I have, at last, located my absolute favourite submitted comment on the topic of WCAG 2 (all text, including character encoding, sic):

Pat yourselves on the back and don\'t let anyone tell you otherwise, your docum entation is FANTASTIC. I found it very helpful while redesigning the interface for Safari Books Online to meet WCAG 2.0 guidelines (not an easy task). Your co mpliance techniques were indispensable. All the techniques are well-written, cr istal clear, and \"trustworthy\" meaning that I know the techniques are based o n what works for real people, not just in theory. Thanks to you, I have a proto type I and the client can be proud of. Your efforts continue to ensure that com pliance isn\'t something you do to \"get the sticker\", but something you do to make sites better for everyone…. Treat yourselves, you deserve it. Don\'t forget to post those party photos. :-)

Who is the author of this, the very first and only unqualified rave for WCAG 2? Hanna Kutcher, come on down!


(2006.07.07)    I asked Hanna for comments for attribution “as to why you think you are right in declaring WCAG 2 to be ‘FANTASTIC,’ ‘cr[y]stal clear,’ and ‘well written’ when the rest of the industry and all other commenters thought otherwise.” Her response:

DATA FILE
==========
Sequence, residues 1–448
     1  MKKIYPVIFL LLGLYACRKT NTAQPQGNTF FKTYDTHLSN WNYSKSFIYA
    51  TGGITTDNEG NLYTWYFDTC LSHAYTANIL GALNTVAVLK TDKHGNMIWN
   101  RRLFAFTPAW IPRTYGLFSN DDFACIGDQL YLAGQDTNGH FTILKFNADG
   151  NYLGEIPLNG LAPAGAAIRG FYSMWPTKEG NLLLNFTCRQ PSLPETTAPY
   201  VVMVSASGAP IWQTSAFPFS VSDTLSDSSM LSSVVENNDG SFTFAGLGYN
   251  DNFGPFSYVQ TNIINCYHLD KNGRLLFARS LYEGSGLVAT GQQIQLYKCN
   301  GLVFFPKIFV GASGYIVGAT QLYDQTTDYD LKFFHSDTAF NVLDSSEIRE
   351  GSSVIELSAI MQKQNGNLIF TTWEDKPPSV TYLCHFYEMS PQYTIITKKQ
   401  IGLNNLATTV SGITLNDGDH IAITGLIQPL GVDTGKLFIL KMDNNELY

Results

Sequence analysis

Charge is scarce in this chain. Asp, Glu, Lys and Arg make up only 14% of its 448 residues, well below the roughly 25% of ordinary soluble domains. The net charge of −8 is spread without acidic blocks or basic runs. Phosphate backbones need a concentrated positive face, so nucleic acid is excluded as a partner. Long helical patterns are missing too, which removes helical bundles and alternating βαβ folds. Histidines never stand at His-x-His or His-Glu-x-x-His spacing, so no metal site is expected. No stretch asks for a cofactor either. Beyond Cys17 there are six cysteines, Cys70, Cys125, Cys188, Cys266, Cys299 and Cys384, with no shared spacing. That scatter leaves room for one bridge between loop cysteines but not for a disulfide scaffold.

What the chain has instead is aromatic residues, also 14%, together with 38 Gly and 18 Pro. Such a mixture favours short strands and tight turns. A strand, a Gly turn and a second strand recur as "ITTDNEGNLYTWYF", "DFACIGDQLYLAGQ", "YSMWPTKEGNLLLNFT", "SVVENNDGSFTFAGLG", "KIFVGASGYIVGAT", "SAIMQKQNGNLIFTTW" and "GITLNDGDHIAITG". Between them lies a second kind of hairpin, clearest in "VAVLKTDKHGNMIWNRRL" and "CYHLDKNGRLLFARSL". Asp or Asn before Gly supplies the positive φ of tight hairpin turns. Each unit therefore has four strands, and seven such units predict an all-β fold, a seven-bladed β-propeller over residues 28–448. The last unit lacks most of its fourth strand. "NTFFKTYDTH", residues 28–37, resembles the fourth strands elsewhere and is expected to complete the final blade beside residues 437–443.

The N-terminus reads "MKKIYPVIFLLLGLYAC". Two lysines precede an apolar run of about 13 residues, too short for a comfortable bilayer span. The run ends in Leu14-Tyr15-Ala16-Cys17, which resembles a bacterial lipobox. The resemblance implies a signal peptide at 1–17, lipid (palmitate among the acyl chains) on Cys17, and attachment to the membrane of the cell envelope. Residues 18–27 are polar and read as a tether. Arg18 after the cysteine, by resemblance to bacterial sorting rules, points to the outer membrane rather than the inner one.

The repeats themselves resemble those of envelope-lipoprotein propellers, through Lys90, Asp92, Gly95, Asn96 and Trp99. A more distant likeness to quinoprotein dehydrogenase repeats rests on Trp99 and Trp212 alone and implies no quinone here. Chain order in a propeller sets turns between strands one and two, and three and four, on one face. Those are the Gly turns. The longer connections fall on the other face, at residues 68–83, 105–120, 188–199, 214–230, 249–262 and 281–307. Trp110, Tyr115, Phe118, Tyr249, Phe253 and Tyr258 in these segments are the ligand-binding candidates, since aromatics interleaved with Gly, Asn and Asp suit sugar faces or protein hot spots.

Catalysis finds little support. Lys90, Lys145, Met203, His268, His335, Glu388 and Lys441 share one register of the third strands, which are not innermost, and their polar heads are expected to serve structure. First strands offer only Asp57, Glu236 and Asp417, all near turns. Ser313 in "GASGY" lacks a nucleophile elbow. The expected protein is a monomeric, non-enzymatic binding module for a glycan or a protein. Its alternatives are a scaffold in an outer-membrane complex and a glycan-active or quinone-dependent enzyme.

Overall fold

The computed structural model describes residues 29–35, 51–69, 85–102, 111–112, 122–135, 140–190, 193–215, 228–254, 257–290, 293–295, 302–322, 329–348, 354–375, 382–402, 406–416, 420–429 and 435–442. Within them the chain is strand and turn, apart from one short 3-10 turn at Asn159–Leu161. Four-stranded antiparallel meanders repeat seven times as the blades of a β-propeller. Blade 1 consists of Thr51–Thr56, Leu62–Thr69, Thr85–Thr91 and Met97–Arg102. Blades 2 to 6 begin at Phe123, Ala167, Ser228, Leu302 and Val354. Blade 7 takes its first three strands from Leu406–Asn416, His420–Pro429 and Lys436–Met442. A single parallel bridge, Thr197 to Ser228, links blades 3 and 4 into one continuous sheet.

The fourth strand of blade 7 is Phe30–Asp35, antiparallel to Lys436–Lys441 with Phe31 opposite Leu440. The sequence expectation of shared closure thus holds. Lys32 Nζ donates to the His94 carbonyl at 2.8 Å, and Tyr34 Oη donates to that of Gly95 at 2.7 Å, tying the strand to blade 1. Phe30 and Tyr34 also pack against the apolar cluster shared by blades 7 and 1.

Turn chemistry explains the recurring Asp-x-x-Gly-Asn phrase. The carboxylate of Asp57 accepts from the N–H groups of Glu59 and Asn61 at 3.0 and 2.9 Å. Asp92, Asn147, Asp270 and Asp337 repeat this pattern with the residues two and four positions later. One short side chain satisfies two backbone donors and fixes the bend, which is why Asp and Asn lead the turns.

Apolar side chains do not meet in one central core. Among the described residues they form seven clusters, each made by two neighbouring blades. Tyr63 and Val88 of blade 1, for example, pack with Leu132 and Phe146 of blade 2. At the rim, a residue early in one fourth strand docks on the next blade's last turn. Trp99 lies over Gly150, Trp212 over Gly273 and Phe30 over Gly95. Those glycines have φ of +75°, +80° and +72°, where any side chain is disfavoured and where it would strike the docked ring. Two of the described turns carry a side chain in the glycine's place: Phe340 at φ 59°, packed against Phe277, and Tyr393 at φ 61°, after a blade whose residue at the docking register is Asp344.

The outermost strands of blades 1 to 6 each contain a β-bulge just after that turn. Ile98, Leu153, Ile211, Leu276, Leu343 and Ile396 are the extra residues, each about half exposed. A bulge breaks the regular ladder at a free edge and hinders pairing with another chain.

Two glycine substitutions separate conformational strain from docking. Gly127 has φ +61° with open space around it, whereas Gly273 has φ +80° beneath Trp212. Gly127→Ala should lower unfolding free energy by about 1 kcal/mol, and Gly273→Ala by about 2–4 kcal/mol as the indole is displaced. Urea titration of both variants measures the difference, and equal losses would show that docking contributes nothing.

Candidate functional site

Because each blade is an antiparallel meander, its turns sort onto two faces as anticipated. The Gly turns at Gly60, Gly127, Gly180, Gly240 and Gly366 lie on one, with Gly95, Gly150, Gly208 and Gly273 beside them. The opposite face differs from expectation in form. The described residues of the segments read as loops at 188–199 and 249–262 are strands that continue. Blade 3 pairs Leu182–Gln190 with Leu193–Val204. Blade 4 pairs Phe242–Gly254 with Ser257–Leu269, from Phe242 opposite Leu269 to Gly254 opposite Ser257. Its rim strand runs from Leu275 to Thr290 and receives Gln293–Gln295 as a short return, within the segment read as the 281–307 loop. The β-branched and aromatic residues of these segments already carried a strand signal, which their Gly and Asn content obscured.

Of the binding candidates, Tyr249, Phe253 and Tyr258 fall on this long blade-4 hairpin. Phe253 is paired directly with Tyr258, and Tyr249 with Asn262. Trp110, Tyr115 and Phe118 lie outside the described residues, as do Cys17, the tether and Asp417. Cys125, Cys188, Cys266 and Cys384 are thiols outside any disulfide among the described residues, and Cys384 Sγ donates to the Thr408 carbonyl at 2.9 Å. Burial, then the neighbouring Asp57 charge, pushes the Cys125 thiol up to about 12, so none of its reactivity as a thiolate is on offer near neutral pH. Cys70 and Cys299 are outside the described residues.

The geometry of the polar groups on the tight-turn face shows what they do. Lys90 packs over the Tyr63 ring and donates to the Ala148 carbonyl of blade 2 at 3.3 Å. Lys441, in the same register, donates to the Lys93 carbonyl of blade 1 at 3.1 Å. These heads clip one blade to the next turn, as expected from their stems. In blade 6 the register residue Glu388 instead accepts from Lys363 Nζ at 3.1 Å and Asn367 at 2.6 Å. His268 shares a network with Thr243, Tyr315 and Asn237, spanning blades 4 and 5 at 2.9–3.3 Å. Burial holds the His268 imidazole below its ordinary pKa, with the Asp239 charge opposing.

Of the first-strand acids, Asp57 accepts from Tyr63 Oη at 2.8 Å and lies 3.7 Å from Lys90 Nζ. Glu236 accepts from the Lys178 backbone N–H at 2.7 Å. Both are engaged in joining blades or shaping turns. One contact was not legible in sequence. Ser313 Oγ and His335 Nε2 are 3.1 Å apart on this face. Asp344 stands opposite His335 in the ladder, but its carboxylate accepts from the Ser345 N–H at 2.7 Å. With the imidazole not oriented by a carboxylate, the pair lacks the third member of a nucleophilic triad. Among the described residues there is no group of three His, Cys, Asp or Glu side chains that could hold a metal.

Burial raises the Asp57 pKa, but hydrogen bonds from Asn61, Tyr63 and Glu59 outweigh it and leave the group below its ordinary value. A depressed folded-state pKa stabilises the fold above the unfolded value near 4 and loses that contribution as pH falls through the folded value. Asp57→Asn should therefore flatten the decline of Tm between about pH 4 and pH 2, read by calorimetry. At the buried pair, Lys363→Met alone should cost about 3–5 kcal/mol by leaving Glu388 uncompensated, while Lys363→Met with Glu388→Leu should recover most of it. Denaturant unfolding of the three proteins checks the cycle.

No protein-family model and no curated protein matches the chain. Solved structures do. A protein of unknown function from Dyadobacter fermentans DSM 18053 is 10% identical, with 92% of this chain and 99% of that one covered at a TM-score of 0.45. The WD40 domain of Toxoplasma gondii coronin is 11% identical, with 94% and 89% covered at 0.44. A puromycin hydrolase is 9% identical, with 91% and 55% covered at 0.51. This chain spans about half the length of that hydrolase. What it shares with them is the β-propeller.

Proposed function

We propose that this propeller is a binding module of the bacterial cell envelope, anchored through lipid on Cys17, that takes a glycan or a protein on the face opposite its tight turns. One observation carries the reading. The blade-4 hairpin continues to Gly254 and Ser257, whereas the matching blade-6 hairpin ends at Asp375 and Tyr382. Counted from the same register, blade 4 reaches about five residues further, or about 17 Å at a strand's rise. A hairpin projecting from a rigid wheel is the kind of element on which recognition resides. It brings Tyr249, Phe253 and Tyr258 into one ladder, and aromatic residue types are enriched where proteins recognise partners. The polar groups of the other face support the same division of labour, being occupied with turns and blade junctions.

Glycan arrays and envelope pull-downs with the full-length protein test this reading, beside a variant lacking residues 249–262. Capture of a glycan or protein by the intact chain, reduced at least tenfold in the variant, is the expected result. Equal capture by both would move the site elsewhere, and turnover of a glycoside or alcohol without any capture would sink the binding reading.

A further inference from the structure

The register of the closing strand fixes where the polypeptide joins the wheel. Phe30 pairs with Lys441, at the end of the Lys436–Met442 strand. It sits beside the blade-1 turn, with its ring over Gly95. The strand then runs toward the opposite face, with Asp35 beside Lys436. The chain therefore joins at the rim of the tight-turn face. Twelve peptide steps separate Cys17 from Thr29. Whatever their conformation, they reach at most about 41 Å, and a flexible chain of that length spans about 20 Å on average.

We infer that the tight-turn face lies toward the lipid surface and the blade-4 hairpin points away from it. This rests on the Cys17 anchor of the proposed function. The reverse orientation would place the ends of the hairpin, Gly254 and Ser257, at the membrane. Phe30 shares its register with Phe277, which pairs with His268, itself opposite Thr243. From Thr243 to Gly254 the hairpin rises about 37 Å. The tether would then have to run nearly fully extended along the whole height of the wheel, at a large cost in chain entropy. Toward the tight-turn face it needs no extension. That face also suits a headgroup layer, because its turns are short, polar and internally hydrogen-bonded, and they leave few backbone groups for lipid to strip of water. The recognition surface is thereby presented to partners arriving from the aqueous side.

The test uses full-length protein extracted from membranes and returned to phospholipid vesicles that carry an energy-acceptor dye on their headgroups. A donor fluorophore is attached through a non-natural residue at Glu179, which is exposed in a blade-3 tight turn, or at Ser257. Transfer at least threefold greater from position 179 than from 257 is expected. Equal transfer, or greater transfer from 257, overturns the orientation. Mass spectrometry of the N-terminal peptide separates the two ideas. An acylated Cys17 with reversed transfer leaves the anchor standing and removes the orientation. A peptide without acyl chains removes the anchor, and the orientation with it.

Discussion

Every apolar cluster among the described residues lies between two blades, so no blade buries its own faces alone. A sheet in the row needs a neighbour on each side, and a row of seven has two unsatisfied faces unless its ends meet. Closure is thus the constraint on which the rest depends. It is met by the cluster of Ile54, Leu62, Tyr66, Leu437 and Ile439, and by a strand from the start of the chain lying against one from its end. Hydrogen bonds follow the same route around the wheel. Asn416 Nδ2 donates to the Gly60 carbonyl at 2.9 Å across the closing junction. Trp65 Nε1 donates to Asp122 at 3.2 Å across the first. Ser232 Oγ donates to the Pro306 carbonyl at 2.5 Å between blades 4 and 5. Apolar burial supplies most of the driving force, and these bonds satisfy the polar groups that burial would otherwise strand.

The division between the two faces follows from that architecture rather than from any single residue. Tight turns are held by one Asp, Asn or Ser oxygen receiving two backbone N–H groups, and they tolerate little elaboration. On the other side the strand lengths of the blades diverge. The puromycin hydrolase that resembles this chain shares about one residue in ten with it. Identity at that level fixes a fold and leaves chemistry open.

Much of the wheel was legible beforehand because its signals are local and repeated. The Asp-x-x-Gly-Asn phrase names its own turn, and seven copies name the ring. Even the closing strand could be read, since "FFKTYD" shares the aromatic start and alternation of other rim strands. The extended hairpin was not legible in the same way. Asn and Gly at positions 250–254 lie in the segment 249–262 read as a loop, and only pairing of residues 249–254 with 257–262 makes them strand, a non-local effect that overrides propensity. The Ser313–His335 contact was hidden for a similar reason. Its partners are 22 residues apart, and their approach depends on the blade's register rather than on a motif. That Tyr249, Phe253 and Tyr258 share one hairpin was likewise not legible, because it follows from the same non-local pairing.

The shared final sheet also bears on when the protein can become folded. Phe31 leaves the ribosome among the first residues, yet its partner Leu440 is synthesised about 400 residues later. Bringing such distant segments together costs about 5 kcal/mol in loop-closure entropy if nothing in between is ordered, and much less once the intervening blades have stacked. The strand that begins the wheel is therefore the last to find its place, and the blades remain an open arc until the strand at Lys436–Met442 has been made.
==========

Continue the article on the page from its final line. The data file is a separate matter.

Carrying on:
I genuinely think WCAG 2.0 documentation is great. I told Gregg Vanderheiden at Trace as much when I started talking to him for a recent project (alter Safari Books Online to be accessible) and he suggested I post my praise. (I also spoke with John Slatin….) I meant every word. I can’t imagine what issues others would have with WCAG 2. Putting together Web standards – any standards – is a difficult job and doing so for accessibility is even harder. Many things are subjective and difficult to pin down. But the Techniques for WCAG 2 does just that. Could “Add a link at the top of each page that goes directly to the main content area” (under Techniques for Addressing Success Criterion 2.4.1) be any more crystal clear? I don’t think so. It spells it out. When you click on the link, it takes you to the appropriate document, which even includes a link to the “Skip Navigation Links” article by Jim Thatcher (the EXACT reference I used).

I offered praise, because praise is due. I’m thrilled WCAG documents exist, I’m even more thankful I did not have to write them myself, and I think the authors deserve a break. Better to have something than nothing. There will always be room for disagreement and you’re never going to have a “perfect” draft, so get over it. Move forward. Love what you have.

The foregoing posting appeared on Joe Clark’s personal Weblog on 2006.06.28 11:45. This presentation was designed for printing and omits components that make sense only onscreen. (If you are seeing this on a screen, then the page stylesheet was not loaded or not loaded properly.) The permanent link is:

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None. I quit.

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